Reporting: The project will conclude with a published report (on the Turing website); co-authored by the DSG group and finalised by the DSG PI. As part of this, the DSG PI will further evaluate the results and expand on potential follow-on engagement opportunities to continue the work started during the DSG.

DSG PIs will also need to keep a work diary of what they are doing and for how long and log in the HR Portal. This will be for monitoring and payment.

For more detailed overview of the role, the prospective candidate should review the DSG PI supplementary doc.


  • A PhD (or equivalent experience and/or qualifications) in a relevant area including Statistics, Mathematics, Engineering, Computer Science, or related discipline.
  • Familiar in a wide range of data science and AI techniques
  • Fluency in one or more modern programming languages used in research in data science and artificial intelligence (e.g. Python)
  • Coordinating and editing a multi-author academic paper or report
  • Proven experience in data science techniques and real-world datasets particularly relevant for the challenge at hand
  • Designing an academic study with experiments
  • Experience with messy real world data (dependant on challenge)
  • Experience managing, structuring, and analysing research data

Other information

If you are interested in this opportunity, please click the apply button below. You will need to register on the applicant portal and complete the application form including your CV and covering letter.

The cover letter (up to 2 pages) should demonstrate your ability to suggest multiple potential

methodological approaches to the challenge being applied for, as well as demonstrate:

  • Experience in applied data science
  • Willingness for multi-disciplinary collaborative work
  • Enthusiasm for working with industry, government and third sector to take their business problems and convert into data science research projects

If you have questions about the role or would like to apply using a different format, please contact us on 020 3970 2148 or 0203 862 3340, or email [email protected].

CLOSING DATE FOR APPLICATIONS: Sunday 26 February 2023 at 23:59

If you are applying for more than one role at the Turing, please note that only one Cover Letter can be visible on your profile at one time. If you wish to apply for multiple roles and do not want to overwrite your existing Cover Letter, please apply for the role using the button below and forward your additional cover letter directly to [email protected] quoting the job title.

If you are an internal applicant and wish to apply, please send your CV and Cover Letter directly to [email protected] and your application will be considered.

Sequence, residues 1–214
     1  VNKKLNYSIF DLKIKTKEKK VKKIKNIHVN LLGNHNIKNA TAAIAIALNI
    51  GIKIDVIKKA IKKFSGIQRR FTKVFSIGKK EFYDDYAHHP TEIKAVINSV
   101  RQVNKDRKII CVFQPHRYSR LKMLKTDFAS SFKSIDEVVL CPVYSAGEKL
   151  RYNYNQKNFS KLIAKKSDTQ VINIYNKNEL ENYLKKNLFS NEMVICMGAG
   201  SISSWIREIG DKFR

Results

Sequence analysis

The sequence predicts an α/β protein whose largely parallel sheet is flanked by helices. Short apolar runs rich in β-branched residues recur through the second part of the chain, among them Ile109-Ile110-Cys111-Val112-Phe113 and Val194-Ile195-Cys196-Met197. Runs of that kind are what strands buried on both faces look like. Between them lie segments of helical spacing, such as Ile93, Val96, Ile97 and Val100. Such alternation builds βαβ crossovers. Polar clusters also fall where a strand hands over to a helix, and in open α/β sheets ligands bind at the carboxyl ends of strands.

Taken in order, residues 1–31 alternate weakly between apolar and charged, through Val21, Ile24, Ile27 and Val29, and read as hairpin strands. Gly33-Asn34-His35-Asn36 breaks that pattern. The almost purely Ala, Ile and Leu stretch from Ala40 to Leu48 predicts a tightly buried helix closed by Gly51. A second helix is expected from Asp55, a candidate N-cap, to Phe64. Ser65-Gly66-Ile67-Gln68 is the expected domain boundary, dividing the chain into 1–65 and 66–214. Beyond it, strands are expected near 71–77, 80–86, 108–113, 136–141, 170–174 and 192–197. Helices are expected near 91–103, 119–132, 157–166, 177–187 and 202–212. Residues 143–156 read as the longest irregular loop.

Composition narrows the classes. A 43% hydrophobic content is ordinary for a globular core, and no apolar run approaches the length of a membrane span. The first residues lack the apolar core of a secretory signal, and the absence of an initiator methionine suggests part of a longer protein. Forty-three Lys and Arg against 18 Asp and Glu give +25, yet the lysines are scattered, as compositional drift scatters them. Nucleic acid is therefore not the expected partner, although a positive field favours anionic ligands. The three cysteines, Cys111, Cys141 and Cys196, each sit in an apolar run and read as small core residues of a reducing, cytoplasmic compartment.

We are committed to making sure our recruitment process is accessible and inclusive.

This includes making reasonable adjustments for candidates who have a disability or long-term condition. Please contact us at [email protected] to find out how we can assist you.


This is a zero hours position per project/challenge. The hourly rate is £25.

Time commitment is an average of 135 hours (however, this could increase or decrease dependant on the challenge), typically spread over 25 days in a 4 – 6 months period, but not evenly distributed.

Please consult the DSG PI supplementary doc for a detailed breakdown.

The time commitment can be roughly broken down as follows:

  • Pre-event stage: c.70 hours spread over 10/11 working days to prepare for the event.
  • Event stage:3-4 hours per day, total of 20 hours for the week – to take place outside of normal working hours – e.g. 5-9pm Monday-Friday
  • Post-event stage: c.10 hours spread over 8 weeks to complete and finalise the report.

The Alan Turing Institute is based at the British Library, in the heart of London’s Knowledge Quarter.

We are currently assessing the results of our hybrid working trial, which ran for six months. We will soon publish a long-term workplace policy: as a guide, we anticipate this will be between 2-4 days per month. Some roles may require the jobholder to spend a greater number of days in the office, but the hiring manager will be able to confirm this during the interview.


The Alan Turing Institute is committed to creating an environment where diversity is valued and everyone is treated fairly. In accordance with the Equality Act, we welcome applications from anyone who meets the specific criteria of the post regardless of age, disability, ethnicity, gender reassignment, marital or civil partnership status, pregnancy and maternity, religion or belief, sex and sexual orientation.

Reasonable adjustments to the interview process will be made for any candidates with a disability.

Please note all offers of employment are subject to obtaining and retaining the right to work in the UK and satisfactory pre-employment security screening which includes a DBS Check.

Full details on the pre-employment screening process can be requested from [email protected].